Spring Pottering

Would you like to take a walk through my early spring garden? It’s been an unusually warm and dry winter. We haven’t had weeks of storms and rain, like usual. The water tank is full, but not overflowing, so we’ll have to put ourselves on water restrictions soon or it won’t last out the summer.

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I know it’s spring when the almond trees blossom.

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The birds get all the almonds from this old tree every year, so I don’t mind pruning some off and bringing the spring blossom inside.

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I had many tomatoes self seed out of the compost. One seeded itself into my herb robert pot, in the middle of winter. The herb robert, meanwhile, jumped ship and seeded all over a patch of gravel. I only saw the seedlings because I sat down to do nothing for a few minutes. Tiny herb robert seedlings everywhere, difficult to see amongst the weeds. That’s the value of pottering in the garden. Observation is one of the driving principles of permaculture: first, see what is there. During and after taking action, observe how the garden is reacting and interacting with you.

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Usually tomatoes that self seed in a warm spell in autumn or winter will be frosted off, but this year they’re 20-30cm high now at the very beginning of spring, and starting to flower already.

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The Mediterranean cone snails loved my goji berry. They ate every single leaf until it was a twiggy skeleton, and I thought it was dead. But I’ve just discovered it reshooting, so I snapped off the leggy parts and stuck them in a pot to see if it will grow from cuttings. The pot was growing moss, which means it’s probably too wet and dark for the goji, so I moved it into the sun.

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Somewhere under here are blueberry cuttings I took in autumn when I pruned my potted blueberry bush. The weeds have exploded in the last few weeks. (So have my turnips and lettuces, which is great!)

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How beautiful are the pink roots of the oxalis!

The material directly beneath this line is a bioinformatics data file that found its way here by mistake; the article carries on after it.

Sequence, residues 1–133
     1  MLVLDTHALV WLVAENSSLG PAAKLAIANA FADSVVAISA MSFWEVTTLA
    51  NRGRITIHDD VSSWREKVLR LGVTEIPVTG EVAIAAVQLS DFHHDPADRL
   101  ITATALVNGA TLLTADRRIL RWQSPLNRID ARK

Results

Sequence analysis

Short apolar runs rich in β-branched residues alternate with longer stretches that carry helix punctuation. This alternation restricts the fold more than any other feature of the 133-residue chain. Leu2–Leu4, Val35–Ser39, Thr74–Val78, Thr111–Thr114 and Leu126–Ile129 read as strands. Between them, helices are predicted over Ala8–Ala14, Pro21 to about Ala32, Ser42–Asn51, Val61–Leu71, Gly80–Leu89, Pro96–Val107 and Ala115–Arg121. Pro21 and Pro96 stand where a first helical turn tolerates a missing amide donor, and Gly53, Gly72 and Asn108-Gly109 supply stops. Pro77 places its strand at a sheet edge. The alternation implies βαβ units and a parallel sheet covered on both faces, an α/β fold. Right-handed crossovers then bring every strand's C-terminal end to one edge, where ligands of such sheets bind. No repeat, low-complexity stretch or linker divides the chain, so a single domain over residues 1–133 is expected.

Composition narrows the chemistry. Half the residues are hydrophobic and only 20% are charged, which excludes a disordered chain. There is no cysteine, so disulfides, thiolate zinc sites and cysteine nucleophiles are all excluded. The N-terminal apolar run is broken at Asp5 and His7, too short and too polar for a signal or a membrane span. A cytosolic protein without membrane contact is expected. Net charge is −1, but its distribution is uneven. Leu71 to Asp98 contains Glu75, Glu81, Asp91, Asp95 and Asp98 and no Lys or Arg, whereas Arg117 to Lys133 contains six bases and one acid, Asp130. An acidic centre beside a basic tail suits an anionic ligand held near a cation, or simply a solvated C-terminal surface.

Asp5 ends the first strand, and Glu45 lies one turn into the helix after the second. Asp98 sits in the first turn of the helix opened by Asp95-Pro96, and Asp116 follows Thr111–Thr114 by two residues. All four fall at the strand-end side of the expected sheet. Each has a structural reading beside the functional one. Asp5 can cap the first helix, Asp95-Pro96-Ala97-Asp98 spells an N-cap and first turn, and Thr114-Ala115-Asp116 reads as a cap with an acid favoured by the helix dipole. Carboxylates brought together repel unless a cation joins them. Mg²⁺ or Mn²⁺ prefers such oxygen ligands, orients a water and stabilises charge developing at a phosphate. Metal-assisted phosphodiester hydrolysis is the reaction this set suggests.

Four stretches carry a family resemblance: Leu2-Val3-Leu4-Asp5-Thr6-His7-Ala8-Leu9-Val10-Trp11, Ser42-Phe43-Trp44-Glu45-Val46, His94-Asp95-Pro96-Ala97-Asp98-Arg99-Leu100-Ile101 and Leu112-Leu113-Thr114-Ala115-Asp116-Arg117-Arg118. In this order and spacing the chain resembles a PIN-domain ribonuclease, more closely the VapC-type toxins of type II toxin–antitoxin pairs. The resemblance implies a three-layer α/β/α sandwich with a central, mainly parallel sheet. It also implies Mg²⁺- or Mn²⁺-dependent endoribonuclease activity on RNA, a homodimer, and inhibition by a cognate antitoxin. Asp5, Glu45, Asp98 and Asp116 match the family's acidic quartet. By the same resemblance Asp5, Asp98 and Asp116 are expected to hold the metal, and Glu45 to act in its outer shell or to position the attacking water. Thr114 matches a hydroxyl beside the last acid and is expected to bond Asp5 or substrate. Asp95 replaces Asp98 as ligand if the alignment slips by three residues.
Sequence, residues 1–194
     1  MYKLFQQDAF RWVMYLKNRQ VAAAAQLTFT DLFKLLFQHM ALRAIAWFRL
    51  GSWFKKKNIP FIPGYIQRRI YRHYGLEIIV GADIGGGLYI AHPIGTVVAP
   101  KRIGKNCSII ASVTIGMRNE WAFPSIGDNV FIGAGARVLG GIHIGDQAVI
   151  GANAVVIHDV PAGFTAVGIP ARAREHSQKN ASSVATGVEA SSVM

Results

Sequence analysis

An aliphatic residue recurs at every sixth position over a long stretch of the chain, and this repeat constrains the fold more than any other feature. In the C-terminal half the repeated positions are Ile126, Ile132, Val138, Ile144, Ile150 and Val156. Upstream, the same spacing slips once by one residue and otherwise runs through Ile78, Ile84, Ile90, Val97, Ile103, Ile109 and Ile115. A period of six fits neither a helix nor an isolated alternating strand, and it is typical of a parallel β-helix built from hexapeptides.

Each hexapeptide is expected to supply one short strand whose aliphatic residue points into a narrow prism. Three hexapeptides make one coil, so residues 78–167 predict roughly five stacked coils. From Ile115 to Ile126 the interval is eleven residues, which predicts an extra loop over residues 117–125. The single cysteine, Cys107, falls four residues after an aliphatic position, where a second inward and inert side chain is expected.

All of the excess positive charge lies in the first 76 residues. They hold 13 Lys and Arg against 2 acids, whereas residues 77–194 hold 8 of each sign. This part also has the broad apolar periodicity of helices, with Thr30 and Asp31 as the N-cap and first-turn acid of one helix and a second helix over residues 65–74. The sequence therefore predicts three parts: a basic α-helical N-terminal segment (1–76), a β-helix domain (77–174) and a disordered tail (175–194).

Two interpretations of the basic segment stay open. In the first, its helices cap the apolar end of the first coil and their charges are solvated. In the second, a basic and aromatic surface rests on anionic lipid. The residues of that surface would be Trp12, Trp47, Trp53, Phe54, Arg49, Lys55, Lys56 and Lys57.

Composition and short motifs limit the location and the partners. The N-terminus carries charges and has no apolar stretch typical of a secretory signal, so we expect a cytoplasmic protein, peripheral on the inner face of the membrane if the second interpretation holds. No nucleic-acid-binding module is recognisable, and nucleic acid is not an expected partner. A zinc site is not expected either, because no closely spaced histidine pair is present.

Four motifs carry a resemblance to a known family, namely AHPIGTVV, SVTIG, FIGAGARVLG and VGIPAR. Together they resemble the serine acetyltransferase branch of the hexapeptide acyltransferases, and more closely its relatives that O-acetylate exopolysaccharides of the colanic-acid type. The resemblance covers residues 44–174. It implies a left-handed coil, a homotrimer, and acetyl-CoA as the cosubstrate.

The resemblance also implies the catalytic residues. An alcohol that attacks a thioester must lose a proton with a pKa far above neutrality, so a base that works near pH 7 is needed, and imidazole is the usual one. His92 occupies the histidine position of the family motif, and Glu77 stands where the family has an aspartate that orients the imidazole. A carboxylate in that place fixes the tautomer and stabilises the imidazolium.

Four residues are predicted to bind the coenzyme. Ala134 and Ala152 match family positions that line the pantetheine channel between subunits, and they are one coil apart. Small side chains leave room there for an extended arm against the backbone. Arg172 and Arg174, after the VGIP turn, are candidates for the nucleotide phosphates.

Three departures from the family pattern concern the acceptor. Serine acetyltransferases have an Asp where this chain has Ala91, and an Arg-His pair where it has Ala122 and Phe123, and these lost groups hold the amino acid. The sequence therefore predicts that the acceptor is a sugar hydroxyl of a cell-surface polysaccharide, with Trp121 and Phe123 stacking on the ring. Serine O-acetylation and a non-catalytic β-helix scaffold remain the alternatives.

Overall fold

I pulled out the weeds carefully, without trying to get all the roots. Otherwise there’d be no soil lef; the entire pot is full of their roots! This is like a heavy pruning, which should stimulate these nitrogen-fixing roots to release their nitrogen and feed the baby blueberry plants. The roots will decay back into the soil, adding organic matter.

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I did try and pull out the growing tips, at the top of the roots.

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I have six good green blueberry plants. The other twigs look dead.

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A couple have clearly rotted, and break off at ground level when I tug them.

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One has some green wood at the top.

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I’ve pulled gently on them all, and even most of the ‘dead’ ones seem to have rooted. I’ll upend the whole pot in a few weeks, and repot them into seperate pots. Multiplied blueberries!

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The parent plant is busily flowering, buzzing with bees, and setting dozens of green blueberries. I fed it with some aged compost, and pulled out the few weeks from its pot. It needs constant water over summer, so I keep the pot near the kitchen door where I see it and it’s close for me to throw the cooking water onto.

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The lemon balm has resprouted from its roots, under the little acerola tree.

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Last year’s dead stems can be tidied up now, snapped off and throw into the garden somewhere I would like lemon balm to pop up. They have old seed heads on them and might spread, which is great.

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The comfrey root poultices I applied to my broken collarbone a month ago are slowly breaking down in the garden. They look like old manure, and I’m sure they’re full of good garden nutrients so I’ve scattered them in my favourite pot plants.

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Spring flowers are starting to bloom, and the jonquils are finishing. This weather entices me into the garden! I’ve weeded my vegetable mandala beds, and am eating lots of lettuce, coriander, dandelion, calendula, chickweed, nettles, silverbeet and parsley. The broccoli has all shot to seed, so there’s just broccoli flowers for salads now.

I need to look over the potplants, and repot, weed, feed or plant out. I’ve planted a punnet of snow peas, because the mice ate all the seeds I put in a month ago. I’m gleeful that the tomatoes have planted themselves! Lucky dip tomatoes. I love self-seeding vegetables.

What do you do in the garden in spring?

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3 responses to “Spring Pottering

  1. Pingback: Build A Gnome Home or Fairy House This School Holidays | Shoestring Sustainability·

  2. Pingback: Creating a Permaculture Base Map | Shoestring Sustainability·

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